This rather unusual decision has been made because GM wants to deliver the vans quickly to customer FedEx. The U.S. automaker wants to stick to the plan of rolling out the vehicle in late 2021, Travis Katz, chief executive of GM's BrightDrop commercial van business, told Reuters.
"We are working alongside Kuka for initial low-volume production to keep up with market demand and remain on track to deliver our first EV600 order later this year.”
According to three unnamed people familiar with the matter and GM documents, Kuka will roll out fewer than 500 hand-built models at its plant in Livonia, Michigan, starting in late October.
The main reason why GM turned to the German parts supplier is because its CAMI assembly plant in Ingersoll, Ontario, is not yet ready to start building the BrightDrop EV600 electric van. The facility is still building the Chevrolet Equinox, and will continue to do so until April 2022.
Gallery: GM BrightDrop EV600 And EP1
GM estimates it will begin producing the EV600 at the Canadian factory in November 2022 in one shift. According to an announcement GM made in June, a second shift should be added by 2023, with a third one to follow in 2024. Previously, GM said it would invest $800 million in the CAMI plant to produce the large delivery van.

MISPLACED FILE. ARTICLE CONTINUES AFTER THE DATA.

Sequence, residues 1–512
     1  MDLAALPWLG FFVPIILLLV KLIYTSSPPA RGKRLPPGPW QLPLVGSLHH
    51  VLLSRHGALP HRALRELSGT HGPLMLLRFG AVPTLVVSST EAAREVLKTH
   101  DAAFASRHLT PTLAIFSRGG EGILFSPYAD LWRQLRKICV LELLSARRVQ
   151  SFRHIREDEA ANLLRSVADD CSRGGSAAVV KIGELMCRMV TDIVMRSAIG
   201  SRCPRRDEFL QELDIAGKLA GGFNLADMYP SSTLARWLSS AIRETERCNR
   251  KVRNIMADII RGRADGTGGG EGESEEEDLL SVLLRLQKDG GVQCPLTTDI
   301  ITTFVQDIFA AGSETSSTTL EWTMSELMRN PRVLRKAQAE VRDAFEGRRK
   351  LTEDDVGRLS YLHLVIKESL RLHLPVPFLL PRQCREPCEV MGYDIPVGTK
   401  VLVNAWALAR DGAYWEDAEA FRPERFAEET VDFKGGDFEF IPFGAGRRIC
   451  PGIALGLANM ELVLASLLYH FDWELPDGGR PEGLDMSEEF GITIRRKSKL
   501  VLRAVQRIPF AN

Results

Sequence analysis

General Motors’ BrightDrop EV600 will mark the first use of the carmaker’s Ultium battery system in a commercial vehicle. The electric van is estimated to have a driving range of 250 miles (402 km) on a full charge and a peak charge rate of up to 170 miles (273 km) of EV range per hour via 120kW DC fast charging. The EV600 offers over 600 cubic feet (16,990 liters) of cargo area and a GVWR of less than 10,000 pounds (4,536 kg).
GM's rush to establish a foothold in this segment is understandable, as the automaker estimates the U.S. market for parcel and food delivery vehicles will exceed $850 billion by 2025.